The U.S. Court of Appeals for the Seventh Circuit on Tuesday vacated a July ruling by a three-judge panel of the court that denied a lesbian former adjunct to sue Ivy Tech Community College for alleged discrimination based on her sexual orientation. The ruling, which alarmed many advocates for gay and lesbian people, said that Title VII of the Civil Rights Act of 1964, which bars employment discrimination based on race, gender, national origin, religion and other factors, cannot be used to challenge discrimination based on sexual orientation because Congress did not intend to ban such bias.
The former adjunct in the case, Kimberly Hively, sued the college in 2013 after having worked as an adjunct instructor in mathematics for 14 years, during which she not only received good reviews from her supervisors but won an award from the college for outstanding teaching. She sued after repeatedly applying for and being rejected for permanent positions at the college and being rejected for continued employment as an adjunct. In an interview, she said that she traced the rejections to her sexual orientation after hearing about administrators who had commented to others about her being a lesbian in a relationship with another woman. The college has denied that it engaged in discrimination.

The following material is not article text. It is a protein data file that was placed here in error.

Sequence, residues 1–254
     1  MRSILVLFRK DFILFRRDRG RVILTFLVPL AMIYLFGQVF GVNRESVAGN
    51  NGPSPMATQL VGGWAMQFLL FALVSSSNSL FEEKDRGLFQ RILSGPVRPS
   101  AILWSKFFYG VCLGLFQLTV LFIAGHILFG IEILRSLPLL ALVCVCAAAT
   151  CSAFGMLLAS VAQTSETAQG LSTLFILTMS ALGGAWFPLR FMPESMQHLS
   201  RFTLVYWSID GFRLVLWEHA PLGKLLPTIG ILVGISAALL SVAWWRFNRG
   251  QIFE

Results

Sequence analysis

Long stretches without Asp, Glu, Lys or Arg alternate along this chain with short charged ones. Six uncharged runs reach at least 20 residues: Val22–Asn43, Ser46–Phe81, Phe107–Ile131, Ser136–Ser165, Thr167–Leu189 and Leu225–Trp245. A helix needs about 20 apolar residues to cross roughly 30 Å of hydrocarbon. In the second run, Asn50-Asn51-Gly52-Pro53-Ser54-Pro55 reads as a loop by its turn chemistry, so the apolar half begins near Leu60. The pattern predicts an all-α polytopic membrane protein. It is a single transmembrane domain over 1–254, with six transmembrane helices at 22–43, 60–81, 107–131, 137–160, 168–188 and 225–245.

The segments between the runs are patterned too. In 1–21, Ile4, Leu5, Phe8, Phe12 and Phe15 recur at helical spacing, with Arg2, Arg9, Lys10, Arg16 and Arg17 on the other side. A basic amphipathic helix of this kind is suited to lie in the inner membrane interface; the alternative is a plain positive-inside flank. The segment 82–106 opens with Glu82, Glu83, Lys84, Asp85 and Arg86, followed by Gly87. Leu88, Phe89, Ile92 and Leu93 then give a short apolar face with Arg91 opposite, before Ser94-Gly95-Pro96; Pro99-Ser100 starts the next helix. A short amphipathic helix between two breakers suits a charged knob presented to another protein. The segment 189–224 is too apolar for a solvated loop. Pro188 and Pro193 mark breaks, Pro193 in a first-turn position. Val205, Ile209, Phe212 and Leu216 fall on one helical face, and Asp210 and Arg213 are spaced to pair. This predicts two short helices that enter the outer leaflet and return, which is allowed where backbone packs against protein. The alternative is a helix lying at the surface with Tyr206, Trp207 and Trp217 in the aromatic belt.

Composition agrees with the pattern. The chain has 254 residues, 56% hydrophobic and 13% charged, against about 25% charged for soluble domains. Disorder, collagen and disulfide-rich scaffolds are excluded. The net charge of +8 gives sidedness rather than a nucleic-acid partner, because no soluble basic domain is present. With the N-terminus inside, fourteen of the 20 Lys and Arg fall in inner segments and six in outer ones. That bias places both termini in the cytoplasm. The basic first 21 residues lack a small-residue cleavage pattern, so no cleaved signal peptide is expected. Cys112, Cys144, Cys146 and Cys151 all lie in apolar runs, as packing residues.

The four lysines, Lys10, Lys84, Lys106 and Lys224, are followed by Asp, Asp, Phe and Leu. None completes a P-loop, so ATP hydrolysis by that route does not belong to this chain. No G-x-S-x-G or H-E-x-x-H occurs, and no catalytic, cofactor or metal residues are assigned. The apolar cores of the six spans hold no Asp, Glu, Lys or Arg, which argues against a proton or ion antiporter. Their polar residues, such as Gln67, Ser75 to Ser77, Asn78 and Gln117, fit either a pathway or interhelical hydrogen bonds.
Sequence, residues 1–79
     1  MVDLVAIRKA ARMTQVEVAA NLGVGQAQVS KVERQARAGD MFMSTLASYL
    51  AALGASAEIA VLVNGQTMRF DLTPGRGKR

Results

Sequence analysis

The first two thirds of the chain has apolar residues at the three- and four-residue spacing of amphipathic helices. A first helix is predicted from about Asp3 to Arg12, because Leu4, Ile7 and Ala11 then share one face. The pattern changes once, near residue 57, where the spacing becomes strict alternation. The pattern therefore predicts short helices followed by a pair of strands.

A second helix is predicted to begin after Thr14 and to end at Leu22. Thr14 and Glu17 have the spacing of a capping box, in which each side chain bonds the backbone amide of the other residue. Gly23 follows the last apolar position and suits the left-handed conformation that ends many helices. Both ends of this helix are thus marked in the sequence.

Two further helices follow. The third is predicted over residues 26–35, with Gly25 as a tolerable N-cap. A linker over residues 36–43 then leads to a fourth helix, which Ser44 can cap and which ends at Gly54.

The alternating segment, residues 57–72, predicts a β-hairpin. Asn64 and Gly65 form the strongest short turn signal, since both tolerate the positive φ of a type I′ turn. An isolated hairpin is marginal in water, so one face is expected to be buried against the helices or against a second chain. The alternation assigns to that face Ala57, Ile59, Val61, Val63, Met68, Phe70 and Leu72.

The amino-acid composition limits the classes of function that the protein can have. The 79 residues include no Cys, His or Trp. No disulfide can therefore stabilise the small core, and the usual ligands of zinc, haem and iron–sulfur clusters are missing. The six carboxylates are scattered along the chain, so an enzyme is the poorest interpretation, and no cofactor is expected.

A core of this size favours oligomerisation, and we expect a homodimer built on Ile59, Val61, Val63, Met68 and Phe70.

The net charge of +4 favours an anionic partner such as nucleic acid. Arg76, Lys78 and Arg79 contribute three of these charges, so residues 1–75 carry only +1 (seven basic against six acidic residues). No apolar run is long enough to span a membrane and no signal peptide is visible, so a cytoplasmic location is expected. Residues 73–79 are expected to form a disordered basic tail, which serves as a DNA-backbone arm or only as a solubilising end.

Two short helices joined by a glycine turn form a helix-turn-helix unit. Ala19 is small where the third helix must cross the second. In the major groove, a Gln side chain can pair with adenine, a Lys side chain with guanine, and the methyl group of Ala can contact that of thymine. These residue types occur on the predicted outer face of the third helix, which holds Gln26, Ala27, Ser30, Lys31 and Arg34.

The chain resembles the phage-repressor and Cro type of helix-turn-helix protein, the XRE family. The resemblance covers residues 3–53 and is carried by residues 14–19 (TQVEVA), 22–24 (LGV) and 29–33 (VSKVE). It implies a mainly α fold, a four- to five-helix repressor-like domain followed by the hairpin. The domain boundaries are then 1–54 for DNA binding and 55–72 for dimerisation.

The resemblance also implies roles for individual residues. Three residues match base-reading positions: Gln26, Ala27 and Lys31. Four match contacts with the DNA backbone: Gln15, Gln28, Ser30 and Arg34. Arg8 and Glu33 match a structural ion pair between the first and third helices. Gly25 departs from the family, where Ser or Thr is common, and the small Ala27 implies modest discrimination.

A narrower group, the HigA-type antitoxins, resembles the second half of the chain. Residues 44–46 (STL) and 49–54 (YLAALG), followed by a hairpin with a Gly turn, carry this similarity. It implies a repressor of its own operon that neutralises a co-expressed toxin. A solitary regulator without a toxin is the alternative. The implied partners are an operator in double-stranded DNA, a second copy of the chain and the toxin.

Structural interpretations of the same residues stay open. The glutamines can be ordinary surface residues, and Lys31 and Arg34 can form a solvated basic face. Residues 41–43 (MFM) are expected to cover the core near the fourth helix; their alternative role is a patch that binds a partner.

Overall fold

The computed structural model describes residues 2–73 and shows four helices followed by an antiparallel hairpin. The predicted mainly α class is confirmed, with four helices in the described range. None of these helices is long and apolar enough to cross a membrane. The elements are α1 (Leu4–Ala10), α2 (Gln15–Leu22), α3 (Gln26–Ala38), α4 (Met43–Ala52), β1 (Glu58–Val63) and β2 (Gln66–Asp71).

Tuesday's order sets aside the earlier ruling and says the full court of appeals will reconsider the case.
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